Henry V (1944) was a Biographical - Drama Film directed by Laurence Olivier and produced by Laurence Olivier, Dallas Bower, Herbert Smith and Filippo Del Giudice.
Academy Awards 1946 --- Ceremony Number 19 (source: AMPAS)
|Best Actor||Laurence Olivier||Nominated|
|Best Art Direction||Art Direction: Paul Sheriff, Carmen Dillon||Nominated|
|Best Music - Scoring||William Walton||Nominated|
|Best Picture||J. Arthur Rank-Two Cities Films||Nominated|
|Special Award||To Laurence Olivier for his outstanding achievement as actor, producer and director in bringing Henry V to the screen.||Won|
Henry V (1989, Kenneth Branagh)By Andrew Wickliffe on Jun 19, 2015 From The Stop Button
Director (and adapter) Branagh splits Henry V into three sections. They aren’t equal, they don’t match the act changes (usually); Branagh lets photographer Kenneth MacMillan open up the film to (outdoor) light while Patrick Doyle’s score becomes essential. The first outside, daylig... Read full article
Henry V (1944)By Beatrice on Nov 19, 2014 From Flickers in Time
Henry V Directed by Laurence Olivier Written by William Shakespeare 1944/UK Two Cities Films Repeat viewing/Netflix rental #180 of 1001 Movies You Must See Before You Die Laurence Olivier’s debut as a director made Shakespeare as stirring and accessible as it would have been on stage and th... Read full article
Henry VBy Alyson on Mar 13, 2011 From The Best Picture Project
I don?t think I was the best audience for this film. ?While I appreciate Shakespeare, so far in life I?ve gotten away with only a minimal study of a few selected works:?Romeo and Juliet, Julius Cesar, Hamlet and some?Shew on the side. ?Literature lover?s blasphemy, librarians will now give me the st... Read full article
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Chorus: O! for a Muse of fire, that would ascend the brightest heaven of invention; a kingdom for a stage, princes to act and monarchs to behold the swelling scene. Then should the war-like Harry, like himself, assume the port of Mars; and at his heels, leashed in like hounds, would famine, word, and fire crouch for employment. But pardon, gentles all, the flat unraised spirits that hath dared on this unworthy scaffold to bring forth so great an object: can this cockpit hold the vasty fields of France? or may we cram within this wooden O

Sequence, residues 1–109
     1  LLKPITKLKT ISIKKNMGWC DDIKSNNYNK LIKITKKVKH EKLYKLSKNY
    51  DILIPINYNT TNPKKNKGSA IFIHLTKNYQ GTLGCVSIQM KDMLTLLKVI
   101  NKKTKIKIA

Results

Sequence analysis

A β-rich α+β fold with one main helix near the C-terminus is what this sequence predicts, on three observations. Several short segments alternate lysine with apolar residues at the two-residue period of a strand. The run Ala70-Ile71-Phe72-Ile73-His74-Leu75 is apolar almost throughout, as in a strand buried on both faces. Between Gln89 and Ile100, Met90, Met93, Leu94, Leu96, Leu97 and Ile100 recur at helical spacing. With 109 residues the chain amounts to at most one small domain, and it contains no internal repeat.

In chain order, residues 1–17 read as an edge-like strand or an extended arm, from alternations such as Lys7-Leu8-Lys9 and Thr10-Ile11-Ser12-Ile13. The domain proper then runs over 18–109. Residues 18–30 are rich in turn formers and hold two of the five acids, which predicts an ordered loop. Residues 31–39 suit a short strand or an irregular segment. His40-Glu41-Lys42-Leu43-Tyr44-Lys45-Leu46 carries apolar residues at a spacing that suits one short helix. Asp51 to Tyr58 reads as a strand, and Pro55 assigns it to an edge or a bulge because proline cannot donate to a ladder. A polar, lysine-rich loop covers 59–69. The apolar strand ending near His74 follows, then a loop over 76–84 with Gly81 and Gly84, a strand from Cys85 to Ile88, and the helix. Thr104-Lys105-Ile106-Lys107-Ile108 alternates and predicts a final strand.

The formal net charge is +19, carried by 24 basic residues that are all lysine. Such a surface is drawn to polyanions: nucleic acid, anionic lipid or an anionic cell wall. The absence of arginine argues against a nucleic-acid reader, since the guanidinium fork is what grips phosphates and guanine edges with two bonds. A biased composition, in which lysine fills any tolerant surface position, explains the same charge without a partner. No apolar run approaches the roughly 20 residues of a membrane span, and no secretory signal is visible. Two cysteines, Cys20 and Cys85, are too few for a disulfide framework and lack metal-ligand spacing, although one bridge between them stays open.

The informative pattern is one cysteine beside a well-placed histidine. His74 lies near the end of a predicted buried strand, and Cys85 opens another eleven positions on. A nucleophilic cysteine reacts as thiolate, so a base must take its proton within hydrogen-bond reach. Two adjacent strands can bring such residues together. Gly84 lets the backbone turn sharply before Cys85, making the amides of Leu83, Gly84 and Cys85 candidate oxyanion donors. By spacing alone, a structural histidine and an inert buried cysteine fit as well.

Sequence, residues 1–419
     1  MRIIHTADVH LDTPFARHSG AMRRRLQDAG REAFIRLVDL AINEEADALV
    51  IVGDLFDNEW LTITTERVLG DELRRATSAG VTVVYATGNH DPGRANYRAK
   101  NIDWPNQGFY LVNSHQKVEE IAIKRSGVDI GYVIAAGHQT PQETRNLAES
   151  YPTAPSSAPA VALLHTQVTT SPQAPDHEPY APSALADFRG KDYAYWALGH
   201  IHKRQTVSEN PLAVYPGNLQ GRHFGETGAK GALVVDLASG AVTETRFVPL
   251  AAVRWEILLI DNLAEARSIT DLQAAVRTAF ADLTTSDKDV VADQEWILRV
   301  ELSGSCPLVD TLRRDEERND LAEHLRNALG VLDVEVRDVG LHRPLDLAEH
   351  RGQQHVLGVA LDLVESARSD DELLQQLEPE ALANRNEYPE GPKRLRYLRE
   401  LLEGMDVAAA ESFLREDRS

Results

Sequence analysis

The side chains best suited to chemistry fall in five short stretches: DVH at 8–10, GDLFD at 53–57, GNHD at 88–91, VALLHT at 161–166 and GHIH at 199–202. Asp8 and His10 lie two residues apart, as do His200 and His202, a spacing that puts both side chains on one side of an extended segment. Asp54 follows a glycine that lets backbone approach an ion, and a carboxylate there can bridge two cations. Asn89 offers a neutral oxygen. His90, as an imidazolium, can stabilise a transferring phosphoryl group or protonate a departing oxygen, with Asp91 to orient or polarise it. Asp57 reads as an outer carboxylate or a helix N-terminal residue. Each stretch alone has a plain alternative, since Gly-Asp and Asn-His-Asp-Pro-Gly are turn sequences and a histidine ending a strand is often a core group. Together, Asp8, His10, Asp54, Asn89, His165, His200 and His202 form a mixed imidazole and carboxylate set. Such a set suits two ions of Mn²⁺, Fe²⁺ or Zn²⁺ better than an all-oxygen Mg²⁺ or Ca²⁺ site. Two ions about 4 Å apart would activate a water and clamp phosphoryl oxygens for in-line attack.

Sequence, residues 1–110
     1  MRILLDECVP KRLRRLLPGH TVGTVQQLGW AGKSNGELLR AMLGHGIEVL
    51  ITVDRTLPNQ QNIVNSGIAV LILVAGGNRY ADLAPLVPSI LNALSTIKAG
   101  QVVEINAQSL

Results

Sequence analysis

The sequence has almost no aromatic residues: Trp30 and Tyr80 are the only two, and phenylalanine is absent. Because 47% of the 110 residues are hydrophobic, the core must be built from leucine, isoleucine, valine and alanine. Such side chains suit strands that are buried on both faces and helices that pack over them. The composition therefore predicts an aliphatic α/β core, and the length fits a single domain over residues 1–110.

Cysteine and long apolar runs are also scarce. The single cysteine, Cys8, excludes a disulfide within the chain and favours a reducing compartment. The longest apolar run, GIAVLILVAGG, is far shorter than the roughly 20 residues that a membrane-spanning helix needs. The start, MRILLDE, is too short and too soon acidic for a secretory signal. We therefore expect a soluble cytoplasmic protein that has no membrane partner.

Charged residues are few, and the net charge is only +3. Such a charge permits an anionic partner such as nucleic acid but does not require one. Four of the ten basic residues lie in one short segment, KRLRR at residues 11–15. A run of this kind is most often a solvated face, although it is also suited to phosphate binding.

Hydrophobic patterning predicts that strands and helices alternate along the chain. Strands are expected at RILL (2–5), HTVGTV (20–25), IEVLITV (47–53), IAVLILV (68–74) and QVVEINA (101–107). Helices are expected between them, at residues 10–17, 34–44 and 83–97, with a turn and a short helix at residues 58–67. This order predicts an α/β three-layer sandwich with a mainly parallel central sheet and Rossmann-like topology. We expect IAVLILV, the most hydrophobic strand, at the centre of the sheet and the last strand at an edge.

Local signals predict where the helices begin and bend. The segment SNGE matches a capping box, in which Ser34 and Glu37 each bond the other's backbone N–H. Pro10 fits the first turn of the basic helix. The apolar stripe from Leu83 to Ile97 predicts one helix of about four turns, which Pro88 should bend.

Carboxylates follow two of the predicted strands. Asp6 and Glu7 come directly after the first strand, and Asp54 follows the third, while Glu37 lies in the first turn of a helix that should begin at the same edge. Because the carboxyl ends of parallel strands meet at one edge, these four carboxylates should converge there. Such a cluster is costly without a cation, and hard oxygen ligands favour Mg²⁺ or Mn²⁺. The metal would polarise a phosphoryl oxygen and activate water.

[gesturing around at the stage]
Chorus: the very casques that did affright the air at Agincourt? On your imaginary forces work: Suppose within the girdle of these walls are now confined two mighty monarchies, whose high upreared and abutting fronts the perilous narrow ocean parts asunder: Piece out our imperfections with your thoughts: Think when we talk of horses that you see them printing their proud hoofs in the receiving earth; for 'tis your thoughts that now must deck our kings, carry them here and there, jumping o'er times, turning the accomplishment of many years into an hour-glass: for the which supply, admit me Chorus to this history; who, prologue-like, your humble patience pray gently to hear, kindly to judge, our play.
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The only lines in the film not written by Shakespeare are spoken by Pistol at the end of the Boar's Head scene: "Farewell, farewell, divine Zenocrate/Is it not passing brave to be a king/And ride in triumph through Persepolis!" They are from "Tamburlaine the Great" by Shakespeare's contemporary, Christopher Marlowe.
John Gielgud asked Olivier to cast him as the Chorus in the film but Olivier declined, offering him the lesser role of the King of France instead. Gielgud turned down the offer.
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